A: How have people come to this conclusion, I’d like to know? I would have thought that ordinary people are entitled to a voice regardless of whether they can read — perhaps the anti-fascists disagree! Generalisations like this are aimed at the fact that we have working-class members. We are a grassroots movement, representing ordinary citizens from all walks of life, with the courage to make a stand. We are glad to have been founded by such people, instead of by the smooth elites.
Q: At your last demonstration, in Bolton on 20 March 2010, the BBC reported 67 arrests 3 of which were EDL people. How did this come about?
A: We have stewards who help keep order on our protests. They are 100% EDL, and 100% committed to keeping the protest safe and orderly. They respect EDL supporters, and or EDL supporters respect them. Unlike the UAF, we don’t want violence and provocation. The aim is for a peaceful protest, and good community spirit. We want support from the people in the towns where we demonstrate, e.g. Dudley tomorrow.
Q: Afterwards, one of the EDL leaders, ‘Tommy’, discussed the demonstration in a Radio Five interview, along with Martin Smith one of the UAF organisers. What happened in that interview?
A: You can hear the attitude of Martin Smith: he refused to debate with us, kept talking down the radio interviewer, and repeatedly expressed the aim of preventing us demonstrating at all. People can see this for the intolerance it is. We don’t pretend to be PR smoothies, but we are prepared to discuss the issues openly. This is what you heard on that interview.
Q: What do the UAF do at your demonstrations?
A: The UAF aim is to prevent us peacefully expressing our views. First, by blocking the route of our protest — this is where a number of the UAF arrests occur. They also try to intimidate and provoke us with threats. Then they try to smear us with chants such as “Nazi scum off our streets”. What they reveal is their intolerance for opinions they disagree with.
In Luton last year Islam4UK demonstrated against returning British troops, calling them “butchers”. Two British patriots were arrested for defending our troops by calling the Islam4UK protesters “scum” and insulting Osama Bin Laden’s mother. Why are the UAF not arrested for more provocative and intimidating chants?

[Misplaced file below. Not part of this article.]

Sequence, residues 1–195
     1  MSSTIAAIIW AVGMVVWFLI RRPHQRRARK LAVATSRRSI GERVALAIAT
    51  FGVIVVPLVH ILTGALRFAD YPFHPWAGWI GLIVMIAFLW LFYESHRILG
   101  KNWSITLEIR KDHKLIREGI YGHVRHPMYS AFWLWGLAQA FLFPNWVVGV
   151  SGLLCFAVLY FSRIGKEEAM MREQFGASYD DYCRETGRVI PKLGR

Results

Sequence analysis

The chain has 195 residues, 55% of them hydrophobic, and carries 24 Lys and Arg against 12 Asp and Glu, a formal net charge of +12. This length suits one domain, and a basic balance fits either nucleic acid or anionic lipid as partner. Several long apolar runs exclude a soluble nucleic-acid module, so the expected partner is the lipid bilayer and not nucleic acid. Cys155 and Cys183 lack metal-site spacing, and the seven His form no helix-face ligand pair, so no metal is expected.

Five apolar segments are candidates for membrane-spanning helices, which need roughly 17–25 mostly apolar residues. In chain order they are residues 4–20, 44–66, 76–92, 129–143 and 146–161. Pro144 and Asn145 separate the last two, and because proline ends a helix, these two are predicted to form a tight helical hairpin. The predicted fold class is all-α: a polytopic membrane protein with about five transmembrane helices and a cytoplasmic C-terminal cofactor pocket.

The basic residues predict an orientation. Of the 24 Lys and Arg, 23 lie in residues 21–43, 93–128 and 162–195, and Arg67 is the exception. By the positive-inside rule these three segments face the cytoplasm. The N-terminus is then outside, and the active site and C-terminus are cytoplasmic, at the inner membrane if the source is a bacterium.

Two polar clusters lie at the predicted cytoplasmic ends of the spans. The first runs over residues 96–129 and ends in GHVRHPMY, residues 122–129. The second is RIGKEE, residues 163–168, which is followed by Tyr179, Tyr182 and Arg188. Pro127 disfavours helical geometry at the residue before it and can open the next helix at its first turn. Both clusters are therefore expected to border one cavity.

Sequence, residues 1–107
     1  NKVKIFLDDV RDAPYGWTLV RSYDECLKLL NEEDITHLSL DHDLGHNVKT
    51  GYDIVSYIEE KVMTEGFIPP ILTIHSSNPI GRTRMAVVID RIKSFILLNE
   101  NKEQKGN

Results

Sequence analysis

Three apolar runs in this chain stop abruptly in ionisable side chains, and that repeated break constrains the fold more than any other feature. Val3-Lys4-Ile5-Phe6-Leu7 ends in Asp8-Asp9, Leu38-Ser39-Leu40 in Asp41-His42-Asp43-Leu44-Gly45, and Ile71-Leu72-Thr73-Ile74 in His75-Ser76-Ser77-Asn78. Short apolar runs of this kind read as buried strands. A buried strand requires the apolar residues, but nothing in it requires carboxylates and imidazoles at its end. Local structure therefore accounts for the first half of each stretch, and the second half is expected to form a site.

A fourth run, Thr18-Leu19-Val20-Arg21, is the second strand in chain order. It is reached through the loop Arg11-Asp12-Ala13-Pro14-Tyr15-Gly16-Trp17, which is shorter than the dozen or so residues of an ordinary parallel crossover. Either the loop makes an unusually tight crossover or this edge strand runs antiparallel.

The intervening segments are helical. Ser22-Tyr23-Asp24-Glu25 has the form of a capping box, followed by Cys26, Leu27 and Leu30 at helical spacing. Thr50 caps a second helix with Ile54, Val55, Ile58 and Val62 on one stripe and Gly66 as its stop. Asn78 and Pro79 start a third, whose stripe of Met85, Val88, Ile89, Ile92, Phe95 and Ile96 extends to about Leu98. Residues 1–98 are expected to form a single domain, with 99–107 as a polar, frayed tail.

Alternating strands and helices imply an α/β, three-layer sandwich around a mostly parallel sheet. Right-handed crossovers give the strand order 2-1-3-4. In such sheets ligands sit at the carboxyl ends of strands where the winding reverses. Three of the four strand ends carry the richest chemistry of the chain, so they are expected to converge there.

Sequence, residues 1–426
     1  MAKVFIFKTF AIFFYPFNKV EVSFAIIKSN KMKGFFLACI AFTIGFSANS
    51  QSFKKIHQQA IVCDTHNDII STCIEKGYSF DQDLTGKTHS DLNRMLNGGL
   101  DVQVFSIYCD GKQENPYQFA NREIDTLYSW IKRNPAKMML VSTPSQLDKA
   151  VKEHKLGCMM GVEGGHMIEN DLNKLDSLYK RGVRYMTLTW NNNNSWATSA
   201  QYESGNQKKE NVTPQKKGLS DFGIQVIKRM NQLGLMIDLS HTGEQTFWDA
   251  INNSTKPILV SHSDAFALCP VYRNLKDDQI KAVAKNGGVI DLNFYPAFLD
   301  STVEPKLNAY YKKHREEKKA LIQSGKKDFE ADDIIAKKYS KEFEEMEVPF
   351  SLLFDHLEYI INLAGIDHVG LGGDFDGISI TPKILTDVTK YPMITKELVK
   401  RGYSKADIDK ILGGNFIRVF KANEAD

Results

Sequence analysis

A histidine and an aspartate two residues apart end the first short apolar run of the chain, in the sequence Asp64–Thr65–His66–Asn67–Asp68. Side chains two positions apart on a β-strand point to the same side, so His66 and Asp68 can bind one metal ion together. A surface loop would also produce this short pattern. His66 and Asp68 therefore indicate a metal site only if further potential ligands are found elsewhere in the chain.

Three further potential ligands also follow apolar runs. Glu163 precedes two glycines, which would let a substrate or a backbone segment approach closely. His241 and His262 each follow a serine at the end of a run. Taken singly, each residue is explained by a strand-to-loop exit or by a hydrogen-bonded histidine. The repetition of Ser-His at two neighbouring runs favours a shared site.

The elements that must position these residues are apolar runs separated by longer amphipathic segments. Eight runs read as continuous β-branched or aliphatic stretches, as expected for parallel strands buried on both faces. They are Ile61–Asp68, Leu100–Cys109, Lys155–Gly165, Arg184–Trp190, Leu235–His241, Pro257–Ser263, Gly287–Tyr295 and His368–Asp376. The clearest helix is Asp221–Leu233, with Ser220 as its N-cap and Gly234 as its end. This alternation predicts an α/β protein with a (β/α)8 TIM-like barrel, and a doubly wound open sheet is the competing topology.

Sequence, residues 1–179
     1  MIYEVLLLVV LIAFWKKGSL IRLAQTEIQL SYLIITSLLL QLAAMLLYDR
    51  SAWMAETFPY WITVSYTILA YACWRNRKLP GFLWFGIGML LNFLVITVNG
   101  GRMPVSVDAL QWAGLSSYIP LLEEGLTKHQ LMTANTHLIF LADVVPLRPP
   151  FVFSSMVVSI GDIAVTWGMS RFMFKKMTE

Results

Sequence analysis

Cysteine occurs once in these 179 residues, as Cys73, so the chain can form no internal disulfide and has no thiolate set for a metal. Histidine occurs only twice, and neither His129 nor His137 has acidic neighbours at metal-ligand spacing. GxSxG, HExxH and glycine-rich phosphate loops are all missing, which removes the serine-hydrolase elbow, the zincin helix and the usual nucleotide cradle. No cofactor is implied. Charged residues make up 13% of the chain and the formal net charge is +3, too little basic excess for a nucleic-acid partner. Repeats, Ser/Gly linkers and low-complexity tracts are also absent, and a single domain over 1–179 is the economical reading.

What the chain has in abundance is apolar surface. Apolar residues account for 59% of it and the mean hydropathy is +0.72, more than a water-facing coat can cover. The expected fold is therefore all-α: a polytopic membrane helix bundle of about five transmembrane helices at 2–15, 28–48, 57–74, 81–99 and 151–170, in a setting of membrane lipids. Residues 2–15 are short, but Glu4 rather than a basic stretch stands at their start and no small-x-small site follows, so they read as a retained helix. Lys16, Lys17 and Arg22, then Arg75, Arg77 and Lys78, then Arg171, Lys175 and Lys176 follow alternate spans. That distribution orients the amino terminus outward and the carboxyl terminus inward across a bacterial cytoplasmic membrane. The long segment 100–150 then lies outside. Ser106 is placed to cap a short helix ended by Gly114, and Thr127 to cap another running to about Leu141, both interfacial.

Q: Have EDL members received threats? From whom?
A: Yes, we have received an ugly array of threats from UAF people, Islamic extremists, and from white supremacists. These groups are united in wanting to silence us. Perhaps they should merge into one fraternal organisation. It would be interesting to see what they name it!
Q: What do you say to unconnected members of the public who don’t like seeing demonstrations in their towns?
A: We ask them to be patient. We have no other way of getting our message heard, so it is appropriate that we use demonstrations as the way to exercise our right to free speech. The disruption is overwhelmingly caused by the UAF’s determination to prevent us being heard, and not by our demonstration itself.
Q: What do you think the danger might be if no one took the stand you are taking?
A: Our point of view would never get heard. Politically correct elites want to ignore it, and so do many mainstream journalists. But there is widespread sympathy for our view amongst the general public. It is unhealthy for any political system to suppress widely held, and reasonable, opinions.
Q: Why do you think the establishment are so hostile towards you?
A: The problem we highlight is one which politicians have themselves created, and which they dare not face up to. They lack the backbone to address it. So they keep an undignified silence, and hope they can keep it that way as long as they are around. We are forcing them to face up to problems which they have made and which they lack the ability to solve. This is inconvenient for them!
Q: What is the police attitude towards the EDL? And your attitude towards them?
A: Our relations with the police improve with each protest we run. Our liaison with them is excellent. It is important to us that our demonstrations take place in an orderly way, and the police appear to understand this. After the embarrassment of the police heavy-handedness at a Scottish Defence League protest a few weeks ago, they appear to accept that our right of peaceful protest is legitimate.
Q: EDL demonstrations are notable for people holding Israeli flags. Why is this?
A: Israel is on the front line of Islamic extremism and jihad. We support them in their struggle for survival, against lethal attack and unwarranted criticism from many quarters. Even in England it is becoming shamefully difficult for Jewish people to wear a yarmulke, or to carry an Israeli flag, in public. We would like to tell our Jewish friends that one place where they can do so safely is an EDL demo!
Q: How can sympathisers help the EDL?
A: Come and have a look at our demonstrations. Visit our website and forum — see what we’re really about. Anyone can help, whatever their particular talent!
Q: Finally, what do you say to people who might be tempted to come out in support of the EDL, but are wary because of the criticisms they have heard against you?
A: Listen to our message, and to the substance of our protests, not just the reports of the more politically correct journalists and politicians.
If you are concerned about the rise of Islamic extremism, this is the sole reason we formed our movement. Chat to our supporters online. See for yourselves. Try to see through the mist!